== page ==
An assessment of the saltmarsh of the Parramatta River and Sydney Harbour
Kelleway, J., Williams. R.J. and Allen, C.B., 2007. An assessment of the saltmarsh of the Parramatta River and Sydney Harbour. Final report to NSW Maritime Authority. NSW DPI – Fisheries Final Report Series No. 90. 100pp.
|An assessment of the saltmarsh of the Parramatta River and Sydney Harbour
Coastal saltmarshes occur along the intertidal shore lines of estuaries and are vegetated by herbs, grasses, rushes and small shrubs. These plants provide habitat for a range of animals, including fish and crustaceans of commercial and recreational importance. Because of its rarity, coastal saltmarsh is listed in NSW as an ‘Endangered Ecological Community’ under the Threatened Species Conservation Act 1995.
The first map of the cover of saltmarsh along the estuarine foreshore of the Parramatta River was produced in the early 1980s from aerial photographs, and a map prepared in the early 2000s suggested there had been little change in distribution, with a total area of about nine hectares. However, anecdotal reports indicated that there may be many more small patches of saltmarsh than could be defined with aerial photography.
For this study, aerial photography was supplemented by a pedestrian survey to locate saltmarsh on the foreshore of the estuary, including Sydney Harbour, Middle Harbour, Lane Cove River and Duck River. Over 750 patches were found, having a combined area of 37 ha. The location, species composition and condition of each patch were recorded. Large-scale maps were prepared to represent locations where saltmarsh occurs, and electronic imagery is available for fine-scale analysis by stakeholders.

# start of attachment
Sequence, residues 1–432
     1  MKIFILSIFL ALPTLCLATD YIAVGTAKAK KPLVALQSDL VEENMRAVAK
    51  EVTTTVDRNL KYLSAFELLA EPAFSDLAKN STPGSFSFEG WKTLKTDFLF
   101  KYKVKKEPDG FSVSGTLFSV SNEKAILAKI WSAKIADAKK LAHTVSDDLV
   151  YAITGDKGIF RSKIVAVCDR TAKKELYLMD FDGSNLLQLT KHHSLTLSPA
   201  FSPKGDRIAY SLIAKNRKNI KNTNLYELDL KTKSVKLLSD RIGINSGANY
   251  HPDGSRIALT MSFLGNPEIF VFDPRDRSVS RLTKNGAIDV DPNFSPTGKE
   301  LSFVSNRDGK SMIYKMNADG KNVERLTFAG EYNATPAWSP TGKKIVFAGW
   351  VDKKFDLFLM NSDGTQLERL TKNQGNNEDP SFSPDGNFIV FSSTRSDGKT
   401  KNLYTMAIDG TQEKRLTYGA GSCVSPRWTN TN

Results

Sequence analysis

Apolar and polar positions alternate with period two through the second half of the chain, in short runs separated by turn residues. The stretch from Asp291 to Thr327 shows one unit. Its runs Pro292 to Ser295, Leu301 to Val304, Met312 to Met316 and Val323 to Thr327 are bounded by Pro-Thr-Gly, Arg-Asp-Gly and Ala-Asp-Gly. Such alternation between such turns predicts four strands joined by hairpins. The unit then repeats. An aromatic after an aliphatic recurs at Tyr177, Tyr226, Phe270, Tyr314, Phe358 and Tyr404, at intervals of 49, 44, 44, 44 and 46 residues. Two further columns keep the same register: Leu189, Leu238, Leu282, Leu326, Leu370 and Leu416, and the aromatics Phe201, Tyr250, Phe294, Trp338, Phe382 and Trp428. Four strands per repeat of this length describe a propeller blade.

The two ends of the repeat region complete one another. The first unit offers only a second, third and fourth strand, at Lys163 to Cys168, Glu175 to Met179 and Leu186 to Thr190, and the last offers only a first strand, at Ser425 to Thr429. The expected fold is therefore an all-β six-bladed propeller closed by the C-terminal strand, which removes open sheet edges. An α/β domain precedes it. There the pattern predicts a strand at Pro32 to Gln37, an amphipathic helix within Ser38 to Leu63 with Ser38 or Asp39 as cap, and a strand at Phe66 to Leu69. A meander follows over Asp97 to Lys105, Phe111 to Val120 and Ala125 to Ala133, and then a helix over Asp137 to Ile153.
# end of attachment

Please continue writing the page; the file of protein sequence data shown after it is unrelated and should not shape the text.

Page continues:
The distribution of saltmarsh is uneven, with most patches located in the upper and middle portions of the estuary. Some species of saltmarsh occur only rarely and these, as well as some exotic species, are also restricted in their distribution to the upper estuary. The majority of patches of saltmarsh were considered to be in a poor condition.
The threats facing these saltmarshes, including incursion by mangroves, rise of sea-level, unauthorised access, weed invasion and pollution and dumping are considered. It is clear that without fine-scale assessments there is no way of knowing if subtle changes have occurred in distribution and abundance of saltmarsh, or which natural and/or human influences might be implicated in bringing change about.
Management considerations arising from this study are: the need to protect saltmarsh within conservation reserves, the need to conserve species considered by their rarity to be “sensitive”, as well as the need to remove the invasive species Juncus acutus. It is important that future planning for the estuary and foreshore of the Parramatta River and Sydney Harbour minimises the threats to, and protects the conservation value of, saltmarsh.